I hope they look better than some of the other so-called HD scenery discs. Hawaii was a travesty, as was Sakura - both you can clearly see shot on widescreen Betacam and upconverted. Utter crap. Where New York/Monument shot with HD video or are they film based?

I still think Ordinary Europe is one of the best sounding, best looking HD video shot discs made on the Hi-Vision format. Gaia's Daughter was reputed to be the best looking, but I thought OE beat it by a wide margin.

I think those VALY's are film based (grain to be seen), but I might be mistaken, it's been months ago that I watched them. Another great looking disc is Song of Africa. Ordinary Europe: agree. Too bad the content is a bit tawdry (and amusing for us europeans).

Laserdiscs: ~350
HiVision LDs: 42
HD DVD count: 379 / still 20 on the wishlist
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post #278 of 430 Old 02-14-2008, 01:04 AM
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I also do own Monument Valley and can attest to it having very nice quality, no wonder as it was about the last Muse disc to be released.
I'd say it is right up there with Gaia's Daughter and better than Ordinary Europe (I own all three), although Ordinary Europe looks very nice and that despite being one of the earliest releases.

Regarding the greenish tint with Muse discs: In my experience it is only the X9 that exhibits it to a large degree and while it can be corrected for with proper calibration it is strange that the newest of all 5 players should have it, I suspect Pioneer messed something up in the design of the Muse section.

So the HLD-1000, the X0, the Sony HIL-C1 and C2EX including their clones are all very similar with regard to the greenish tint, although this is pretty much where the similarities end.

Oliver
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post #279 of 430 Old 02-18-2008, 06:26 PM
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Don't let this thread die!

Next week, look for Hi-Vision brochures, etc. to be prepared for download. I got off my a$$ and pulled my files.

-> No longer looking for Hi-Vision LDs <-

(I buried that format finally)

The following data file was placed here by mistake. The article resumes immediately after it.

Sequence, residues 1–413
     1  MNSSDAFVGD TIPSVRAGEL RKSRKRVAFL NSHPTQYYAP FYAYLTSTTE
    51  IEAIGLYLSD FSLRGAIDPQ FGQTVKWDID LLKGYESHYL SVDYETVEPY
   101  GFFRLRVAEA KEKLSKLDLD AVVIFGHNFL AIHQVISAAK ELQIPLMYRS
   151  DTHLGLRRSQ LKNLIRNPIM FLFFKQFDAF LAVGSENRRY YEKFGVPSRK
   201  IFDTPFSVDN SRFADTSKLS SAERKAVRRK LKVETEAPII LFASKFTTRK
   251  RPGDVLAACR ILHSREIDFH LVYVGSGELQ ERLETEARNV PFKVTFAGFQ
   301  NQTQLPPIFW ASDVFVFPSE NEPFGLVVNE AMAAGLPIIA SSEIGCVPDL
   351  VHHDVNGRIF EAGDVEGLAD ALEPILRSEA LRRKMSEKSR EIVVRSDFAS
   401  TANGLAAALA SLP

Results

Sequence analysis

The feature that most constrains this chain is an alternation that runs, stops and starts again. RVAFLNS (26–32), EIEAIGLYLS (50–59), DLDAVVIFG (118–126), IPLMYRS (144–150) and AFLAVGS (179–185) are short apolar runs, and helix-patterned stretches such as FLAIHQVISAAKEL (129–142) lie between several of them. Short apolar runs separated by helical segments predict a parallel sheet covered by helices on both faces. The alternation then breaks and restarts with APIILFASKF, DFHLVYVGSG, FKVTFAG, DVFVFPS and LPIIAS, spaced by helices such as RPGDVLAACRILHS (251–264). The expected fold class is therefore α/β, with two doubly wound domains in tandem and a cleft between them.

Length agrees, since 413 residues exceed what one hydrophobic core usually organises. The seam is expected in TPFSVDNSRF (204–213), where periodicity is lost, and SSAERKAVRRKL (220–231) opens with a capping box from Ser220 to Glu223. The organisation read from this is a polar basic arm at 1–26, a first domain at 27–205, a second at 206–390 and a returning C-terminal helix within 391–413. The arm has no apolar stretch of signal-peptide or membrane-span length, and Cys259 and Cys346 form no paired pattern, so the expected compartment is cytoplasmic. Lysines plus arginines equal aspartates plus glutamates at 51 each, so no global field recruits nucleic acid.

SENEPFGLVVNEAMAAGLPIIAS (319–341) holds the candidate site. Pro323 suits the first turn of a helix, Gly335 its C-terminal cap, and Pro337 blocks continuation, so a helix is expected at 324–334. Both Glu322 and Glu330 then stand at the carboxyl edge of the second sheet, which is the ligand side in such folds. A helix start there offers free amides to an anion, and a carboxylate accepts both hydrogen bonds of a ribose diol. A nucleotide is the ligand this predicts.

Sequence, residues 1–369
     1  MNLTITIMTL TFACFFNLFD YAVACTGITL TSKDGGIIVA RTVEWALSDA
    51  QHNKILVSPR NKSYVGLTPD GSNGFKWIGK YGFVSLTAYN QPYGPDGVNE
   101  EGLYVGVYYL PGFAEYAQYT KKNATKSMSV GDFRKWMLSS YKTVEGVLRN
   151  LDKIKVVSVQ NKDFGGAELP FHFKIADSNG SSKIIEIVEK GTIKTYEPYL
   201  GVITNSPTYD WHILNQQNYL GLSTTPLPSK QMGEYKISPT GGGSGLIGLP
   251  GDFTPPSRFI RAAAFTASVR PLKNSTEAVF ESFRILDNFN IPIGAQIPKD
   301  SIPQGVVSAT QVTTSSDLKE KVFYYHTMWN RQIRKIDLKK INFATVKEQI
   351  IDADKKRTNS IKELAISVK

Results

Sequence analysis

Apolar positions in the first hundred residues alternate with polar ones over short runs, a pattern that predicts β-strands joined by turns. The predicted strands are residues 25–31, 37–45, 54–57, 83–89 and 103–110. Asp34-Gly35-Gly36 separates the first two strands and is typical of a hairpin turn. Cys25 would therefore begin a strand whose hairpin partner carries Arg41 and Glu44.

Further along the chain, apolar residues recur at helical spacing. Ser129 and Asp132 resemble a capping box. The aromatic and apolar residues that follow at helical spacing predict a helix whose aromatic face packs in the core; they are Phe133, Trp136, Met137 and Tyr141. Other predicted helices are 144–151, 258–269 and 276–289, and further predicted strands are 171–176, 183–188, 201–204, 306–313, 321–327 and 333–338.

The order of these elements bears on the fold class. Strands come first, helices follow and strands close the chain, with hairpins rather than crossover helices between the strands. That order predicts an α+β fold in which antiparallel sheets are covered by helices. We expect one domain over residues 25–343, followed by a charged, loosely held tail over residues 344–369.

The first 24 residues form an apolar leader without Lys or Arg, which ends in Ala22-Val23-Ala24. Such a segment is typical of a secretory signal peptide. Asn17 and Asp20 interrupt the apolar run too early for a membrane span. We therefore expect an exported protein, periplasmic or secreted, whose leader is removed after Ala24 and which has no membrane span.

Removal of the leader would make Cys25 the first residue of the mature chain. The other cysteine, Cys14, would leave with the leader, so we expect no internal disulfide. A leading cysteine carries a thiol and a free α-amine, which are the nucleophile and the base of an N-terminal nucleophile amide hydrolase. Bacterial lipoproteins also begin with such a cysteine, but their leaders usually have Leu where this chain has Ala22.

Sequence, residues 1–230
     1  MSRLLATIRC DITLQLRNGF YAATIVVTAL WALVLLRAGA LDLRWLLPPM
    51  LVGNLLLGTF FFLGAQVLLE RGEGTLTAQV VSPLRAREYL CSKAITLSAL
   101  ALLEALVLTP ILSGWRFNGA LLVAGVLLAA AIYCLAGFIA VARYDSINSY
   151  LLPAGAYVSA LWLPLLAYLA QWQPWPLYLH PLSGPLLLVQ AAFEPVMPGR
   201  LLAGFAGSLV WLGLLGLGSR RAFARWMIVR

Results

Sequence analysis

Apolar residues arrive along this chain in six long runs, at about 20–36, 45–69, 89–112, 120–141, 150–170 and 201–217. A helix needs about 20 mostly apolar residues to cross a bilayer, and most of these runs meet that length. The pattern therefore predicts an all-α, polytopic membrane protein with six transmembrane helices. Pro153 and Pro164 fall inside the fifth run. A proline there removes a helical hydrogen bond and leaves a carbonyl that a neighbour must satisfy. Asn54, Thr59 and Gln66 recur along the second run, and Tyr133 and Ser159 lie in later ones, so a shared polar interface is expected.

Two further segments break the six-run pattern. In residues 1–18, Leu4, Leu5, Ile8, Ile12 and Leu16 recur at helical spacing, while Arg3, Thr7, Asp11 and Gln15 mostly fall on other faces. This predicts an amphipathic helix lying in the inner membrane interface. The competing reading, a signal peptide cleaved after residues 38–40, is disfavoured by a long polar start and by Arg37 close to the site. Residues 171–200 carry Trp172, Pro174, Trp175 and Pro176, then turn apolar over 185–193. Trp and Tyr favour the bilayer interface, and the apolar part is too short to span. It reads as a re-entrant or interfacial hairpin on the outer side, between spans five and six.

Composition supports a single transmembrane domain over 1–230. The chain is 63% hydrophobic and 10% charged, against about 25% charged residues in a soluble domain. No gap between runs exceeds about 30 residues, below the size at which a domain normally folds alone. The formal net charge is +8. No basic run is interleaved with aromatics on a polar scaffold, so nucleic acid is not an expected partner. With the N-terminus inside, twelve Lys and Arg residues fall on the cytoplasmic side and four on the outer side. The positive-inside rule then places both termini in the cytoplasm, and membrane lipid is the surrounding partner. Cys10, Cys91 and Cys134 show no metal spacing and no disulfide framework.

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post #280 of 430 Old 02-18-2008, 07:11 PM
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Does anyone have any SACD brochures?

A Home Theater Enthusiast!
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post #281 of 430 Old 02-18-2008, 10:50 PM
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Please dont start on laserdiscs. I still want the Godzilla Memorial Box Set and a grand is just to hard to come up with living were I live and bills I have to pay.
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post #282 of 430 Old 02-19-2008, 06:49 AM
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Quote:
Originally Posted by wakashizuma View Post

Does anyone have any SACD brochures?

I do - zap me your email address and I'll send them to you.

Ty C. :-)
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post #283 of 430 Old 02-21-2008, 02:05 PM
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Going through old CD-ROM backups today, I found two JPEG files of the logo's Pioneer was planning to use for their "Super" LaserDisc format back in the late 1980's... too bad it never got off the ground! It would have been 100% backwards compatible with any LD player that had Digital Audio capability - there was no compatibility with players that had ONLY analog audio because the two FM audio carriers were to be dropped to extend the video bandwidth without changing the video carrier frequency or FM deviation. A Faroudja-developed chroma bandwidth expansion technique was to be used also - it switched the I and Q chroma carriers in a field sequential manner, expanding one to dual-side-band, then the other, for 2 MHz of color resolution. For 'standard' televisions and LD players without a decoder, a 30Hz chroma flicker would be present, but we are very insensitive to chroma flicker like that so it wouldn't be a problem.